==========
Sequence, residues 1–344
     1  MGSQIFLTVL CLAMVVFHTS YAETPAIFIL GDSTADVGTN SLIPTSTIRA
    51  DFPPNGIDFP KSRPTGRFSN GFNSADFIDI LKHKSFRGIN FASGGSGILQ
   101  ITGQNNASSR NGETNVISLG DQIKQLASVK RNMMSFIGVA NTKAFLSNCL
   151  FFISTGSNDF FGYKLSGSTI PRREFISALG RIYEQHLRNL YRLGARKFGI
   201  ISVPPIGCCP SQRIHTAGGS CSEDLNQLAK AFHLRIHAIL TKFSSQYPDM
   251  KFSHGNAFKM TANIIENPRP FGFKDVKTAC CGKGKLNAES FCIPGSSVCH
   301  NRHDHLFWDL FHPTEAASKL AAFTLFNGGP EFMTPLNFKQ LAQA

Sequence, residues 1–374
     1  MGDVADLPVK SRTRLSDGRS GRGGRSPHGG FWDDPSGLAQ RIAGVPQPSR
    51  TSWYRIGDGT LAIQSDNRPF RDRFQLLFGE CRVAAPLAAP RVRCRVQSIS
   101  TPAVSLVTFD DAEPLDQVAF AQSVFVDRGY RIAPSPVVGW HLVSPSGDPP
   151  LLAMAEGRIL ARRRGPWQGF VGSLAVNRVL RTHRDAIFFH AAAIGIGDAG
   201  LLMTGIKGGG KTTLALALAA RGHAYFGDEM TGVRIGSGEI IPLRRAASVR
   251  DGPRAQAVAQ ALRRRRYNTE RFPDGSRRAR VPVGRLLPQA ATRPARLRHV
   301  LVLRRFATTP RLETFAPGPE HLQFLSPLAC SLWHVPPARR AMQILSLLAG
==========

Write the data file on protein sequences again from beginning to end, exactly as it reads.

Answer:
Sequence, residues 1–344
     1  MGSQIFLTVL CLAMVVFHTS YAETPAIFIL GDSTADVGTN SLIPTSTIRA
    51  DFPPNGIDFP KSRPTGRFSN GFNSADFIDI LKHKSFRGIN FASGGSGILQ
   101  ITGQNNASSR NGETNVISLG DQIKQLASVK RNMMSFIGVA NTKAFLSNCL
   151  FFISTGSNDF FGYKLSGSTI PRREFISALG RIYEQHLRNL YRLGARKFGI
   201  ISVPPIGCCP SQRIHTAGGS CSEDLNQLAK AFHLRIHAIL TKFSSQYPDM
   251  KFSHGNAFKM TANIIENPRP FGFKDVKTAC CGKGKLNAES FCIPGSSVCH
   301  NRHDHLFWDL FHPTEAASKL AAFTLFNGGP EFMTPLNFKQ LAQA

Sequence, residues 1–374
     1  MGDVADLPVK SRTRLSDGRS GRGGRSPHGG FWDDPSGLAQ RIAGVPQPSR
    51  TSWYRIGDGT LAIQSDNRPF RDRFQLLFGE CRVAAPLAAP RVRCRVQSIS
   101  TPAVSLVTFD DAEPLDQVAF AQSVFVDRGY RIAPSPVVGW HLVSPSGDPP
   151  LLAMAEGRIL ARRRGPWQGF VGSLAVNRVL RTHRDAIFFH AAAIGIGDAG
   201  LLMTGIKGGG KTTLALALAA RGHAYFGDEM TGVRIGSGEI IPLRRAASVR
   251  DGPRAQAVAQ ALRRRRYNTE RFPDGSRRAR VPVGRLLPQA ATRPARLRHV
   301  LVLRRFATTP RLETFAPGPE HLQFLSPLAC SLWHVPPARR AMQILSLLAG